Kate Hardiman: Yeah, that's a great question. I definitely think if children are learning in new ways, then teacher training will absolutely have to change. One thing I loved about ACE is that I do think it was really individualized. I mean, we were all broken up into our levels: so various high school teachers, middle school teachers, and then also into our subject matters. And we learned how do you teach tenth grade English, specifically. So I think the way that teacher training is done will absolutely have to be overhauled, as well. I mean, a lot of scenes have teacher training programs that are very formulaic and teach people how to be district public school teachers and that model is not necessarily going to work for ESAs.
But the other thing we note in the book is that teacher training actually, in a lot of instances, doesn't translate to student outcomes. So I think overall there's just a disconnect between how are we training people and then what are the actual outputs in terms of student learning.
Prof. Nicole Stelle Garnett: So this is actually related to a question, teacher training formulas and licensures, just one aspect of all of this, obviously, but I have a question that says --and this is a big question, so maybe it'll give you the opportunity to sort of unpack many of the great arguments you make in your book. So, "What are the shackles that you suggest should be broken, and why would that be good?" So we could go down the list.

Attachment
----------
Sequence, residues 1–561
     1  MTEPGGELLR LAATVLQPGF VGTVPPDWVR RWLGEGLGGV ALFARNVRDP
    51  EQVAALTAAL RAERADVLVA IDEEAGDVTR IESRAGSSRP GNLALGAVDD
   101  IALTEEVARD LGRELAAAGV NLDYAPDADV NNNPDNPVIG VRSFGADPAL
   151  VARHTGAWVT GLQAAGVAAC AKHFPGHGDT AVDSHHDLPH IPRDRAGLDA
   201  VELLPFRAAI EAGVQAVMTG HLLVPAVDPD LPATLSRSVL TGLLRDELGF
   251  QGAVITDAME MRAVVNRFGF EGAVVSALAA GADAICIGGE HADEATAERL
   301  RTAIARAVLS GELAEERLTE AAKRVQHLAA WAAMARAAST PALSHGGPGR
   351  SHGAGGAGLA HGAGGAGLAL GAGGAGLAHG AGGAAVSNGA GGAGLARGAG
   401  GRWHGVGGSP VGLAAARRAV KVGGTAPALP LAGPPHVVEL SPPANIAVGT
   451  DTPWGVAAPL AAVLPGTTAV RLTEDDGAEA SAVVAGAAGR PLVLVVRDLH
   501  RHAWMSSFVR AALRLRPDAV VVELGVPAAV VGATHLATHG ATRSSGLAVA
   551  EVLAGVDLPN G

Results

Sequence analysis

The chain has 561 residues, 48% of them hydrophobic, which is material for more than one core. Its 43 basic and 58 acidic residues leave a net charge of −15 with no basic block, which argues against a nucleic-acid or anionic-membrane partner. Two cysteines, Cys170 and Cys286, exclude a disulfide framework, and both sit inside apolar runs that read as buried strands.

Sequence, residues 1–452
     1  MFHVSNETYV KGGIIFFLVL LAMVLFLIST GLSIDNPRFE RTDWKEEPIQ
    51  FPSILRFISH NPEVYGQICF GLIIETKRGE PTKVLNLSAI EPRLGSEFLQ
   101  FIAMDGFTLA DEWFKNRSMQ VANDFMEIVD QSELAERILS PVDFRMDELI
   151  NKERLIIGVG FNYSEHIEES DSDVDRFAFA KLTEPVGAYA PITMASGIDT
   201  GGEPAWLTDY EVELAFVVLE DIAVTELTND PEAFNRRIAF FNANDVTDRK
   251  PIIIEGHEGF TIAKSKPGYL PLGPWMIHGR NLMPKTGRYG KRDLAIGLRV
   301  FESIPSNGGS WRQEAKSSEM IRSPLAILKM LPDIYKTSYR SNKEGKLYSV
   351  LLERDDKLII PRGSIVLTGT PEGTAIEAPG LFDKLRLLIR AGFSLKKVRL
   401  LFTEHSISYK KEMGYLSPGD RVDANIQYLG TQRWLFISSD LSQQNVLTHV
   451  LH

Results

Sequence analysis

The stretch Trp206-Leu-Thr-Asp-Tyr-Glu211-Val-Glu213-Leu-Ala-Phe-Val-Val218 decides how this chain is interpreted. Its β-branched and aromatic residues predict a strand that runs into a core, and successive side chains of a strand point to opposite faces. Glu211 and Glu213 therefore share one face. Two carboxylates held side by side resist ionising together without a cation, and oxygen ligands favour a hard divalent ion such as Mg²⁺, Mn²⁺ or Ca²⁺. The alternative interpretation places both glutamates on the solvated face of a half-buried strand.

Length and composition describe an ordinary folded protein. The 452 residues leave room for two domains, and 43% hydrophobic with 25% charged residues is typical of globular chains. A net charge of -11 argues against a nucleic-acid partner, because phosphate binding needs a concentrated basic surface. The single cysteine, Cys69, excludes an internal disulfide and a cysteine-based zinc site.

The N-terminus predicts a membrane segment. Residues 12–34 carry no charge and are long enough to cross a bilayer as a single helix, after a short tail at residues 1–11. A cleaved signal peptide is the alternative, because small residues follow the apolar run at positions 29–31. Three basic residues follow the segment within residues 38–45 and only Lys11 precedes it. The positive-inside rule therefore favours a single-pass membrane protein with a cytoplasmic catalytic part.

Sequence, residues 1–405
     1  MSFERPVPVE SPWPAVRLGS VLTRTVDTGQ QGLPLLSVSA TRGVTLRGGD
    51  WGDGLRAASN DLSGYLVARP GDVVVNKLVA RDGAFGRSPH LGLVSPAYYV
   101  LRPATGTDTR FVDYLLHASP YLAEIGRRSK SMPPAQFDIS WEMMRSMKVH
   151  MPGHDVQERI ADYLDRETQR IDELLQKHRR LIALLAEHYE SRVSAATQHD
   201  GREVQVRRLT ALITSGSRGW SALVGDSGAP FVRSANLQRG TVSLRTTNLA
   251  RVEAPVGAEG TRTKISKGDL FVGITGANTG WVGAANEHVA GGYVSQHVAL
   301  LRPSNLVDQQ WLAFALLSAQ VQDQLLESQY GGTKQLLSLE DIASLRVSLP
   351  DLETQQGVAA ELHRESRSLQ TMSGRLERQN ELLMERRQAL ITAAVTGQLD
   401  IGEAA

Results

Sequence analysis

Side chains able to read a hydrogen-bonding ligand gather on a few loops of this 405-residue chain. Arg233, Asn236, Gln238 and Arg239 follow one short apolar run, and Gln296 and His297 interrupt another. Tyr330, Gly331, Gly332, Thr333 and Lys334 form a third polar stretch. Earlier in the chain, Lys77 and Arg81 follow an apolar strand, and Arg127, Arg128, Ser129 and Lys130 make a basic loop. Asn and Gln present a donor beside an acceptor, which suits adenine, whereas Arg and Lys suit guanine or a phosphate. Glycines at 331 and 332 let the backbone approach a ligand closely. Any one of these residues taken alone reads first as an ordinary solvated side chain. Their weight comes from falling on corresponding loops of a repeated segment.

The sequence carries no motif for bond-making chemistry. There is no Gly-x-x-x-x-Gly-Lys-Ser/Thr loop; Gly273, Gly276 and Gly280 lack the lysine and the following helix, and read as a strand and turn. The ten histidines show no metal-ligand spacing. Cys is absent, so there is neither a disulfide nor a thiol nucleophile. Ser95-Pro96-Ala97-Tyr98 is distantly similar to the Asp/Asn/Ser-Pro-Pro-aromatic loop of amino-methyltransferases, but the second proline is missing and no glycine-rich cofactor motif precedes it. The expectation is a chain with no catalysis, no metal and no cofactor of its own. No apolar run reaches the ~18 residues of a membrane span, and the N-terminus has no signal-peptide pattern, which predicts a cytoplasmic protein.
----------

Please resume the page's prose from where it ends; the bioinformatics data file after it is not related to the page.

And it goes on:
Hon. Clint Bolick: Well, the main one, we conduct a thought experiment in the beginning of the book, and that is if we were designing a K-12 system from scratch today, with all of the technology that we have at our disposal but no preconceptions about what K-12 education ought to look like, what would it look like? And so you see a lot of shackles along the way. For example, the fact that like most health insurance, you have a third-party payer for the services you are receiving. That never works well. It's expensive and not geared toward consumer gains.
But probably the biggest one that we see is America is one of the most highly regulated education systems in the world. We have more bureaucracy, according to the OECD, than Russia does. And Russia loves bureaucracy, whereas we're supposed to hate it. And the worst aspect of it is school districts. A lot of conservatives say we'd have local control over education and, of course, I think that that's true, but the local control ought to be at the school level, not these artificially created school districts that are, themselves, political politburos that are very subject to capture by special interest groups, and they absorb so many resources and shackle the ability of teachers and principals and parents to control their lives.